Jhereg (Vlad Taltos #1)

Title: Jhereg

Author: Steven Brust

Series: Vlad Taltos #1

Vlad Taltos is a mobster and assassin, and he’s just landed a contract so lucrative he’ll be set for life. If, that is, he doesn’t botch the job. Because this time his target is also a Jhereg, who knows how the game is played. It won’t be an easy kill, but if he can’t pull it off, Vlad won’t be alive to worry about the consequences . . .

I FINALLY got my hands on a copy of Jhereg, which I immediately devoured. It’s hard to believe this is the first book, and that’s not just because Steven Brust went and wrote prequels filling in some of the history Vlad so casually tosses out. The worldbuilding is immense, but tight—and having already read most of the other books, I can catch a lot of Vlad’s references (and I was pleased this book filled in some of the holes). But we already have Vlad, happily married to the woman who once killed him; his Dragaeran friends Morrolan, Aliera, and Sethra, who are all unique and dangerous; Daymar the innocently terrifying Hawklord, and on, and on.

They’re a great cast of characters, and each one already showing some snippets of untold amazing stories about how Vlad got involved with them. If this had been the first book I’d read, I’d still have wanted to track down everything just to see how this wildly different group of people had gotten so enmeshed in each other’s friendships. Morrolan, for example, is an extremely honorable Dragonlord—who not only has Vlad on staff, but calls him a friend (and given the lengths Vlad is willing to go for him, the friendship is mutual). It’s a testament to how well the series as a whole hangs together that most of those little details do get expanded in some book or other.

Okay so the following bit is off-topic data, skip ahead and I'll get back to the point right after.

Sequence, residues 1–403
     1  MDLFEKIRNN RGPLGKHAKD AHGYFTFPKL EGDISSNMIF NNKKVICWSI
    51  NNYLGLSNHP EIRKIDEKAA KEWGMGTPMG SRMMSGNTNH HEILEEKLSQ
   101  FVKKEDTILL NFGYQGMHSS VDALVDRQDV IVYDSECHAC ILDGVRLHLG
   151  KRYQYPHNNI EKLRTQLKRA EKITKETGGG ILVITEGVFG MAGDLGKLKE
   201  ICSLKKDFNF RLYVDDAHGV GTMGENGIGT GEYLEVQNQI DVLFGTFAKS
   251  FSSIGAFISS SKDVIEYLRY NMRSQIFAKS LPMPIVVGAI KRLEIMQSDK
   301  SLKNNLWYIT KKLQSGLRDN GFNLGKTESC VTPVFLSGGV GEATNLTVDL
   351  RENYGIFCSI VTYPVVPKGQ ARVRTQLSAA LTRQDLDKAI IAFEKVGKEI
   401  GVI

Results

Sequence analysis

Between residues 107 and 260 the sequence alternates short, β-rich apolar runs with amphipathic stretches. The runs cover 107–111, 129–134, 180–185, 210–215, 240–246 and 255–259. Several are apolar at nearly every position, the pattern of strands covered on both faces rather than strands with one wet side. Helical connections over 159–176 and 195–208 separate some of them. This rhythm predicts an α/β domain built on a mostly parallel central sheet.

And this is in some ways an origin story for Vlad himself. We see him as he witnesses his first assassination, and as he bonds with Loiosh, his jhereg familiar. But the story never lingers on the past, preferring to hurtle along with Vlad’s present task of dispatching a man who is very, very difficult to kill. In many ways, the target has thought everything out perfectly. But as Vlad likes to point out, anyone can be assassinated.

The humor is perhaps a touch less developed than some of the later books, but still very present and very funny. Each chapter starts with some pithy saying, like: “You can’t put it together again unless you’ve torn it apart first.”

All in all, this is a great read whether or not you’ve read any of the other books, or whether or not you intend to. Like most of the series it’s basically a stand alone story set within a complex universe, and it plays out some small piece of the life of a very interesting man. I rate this book Highly Recommended.

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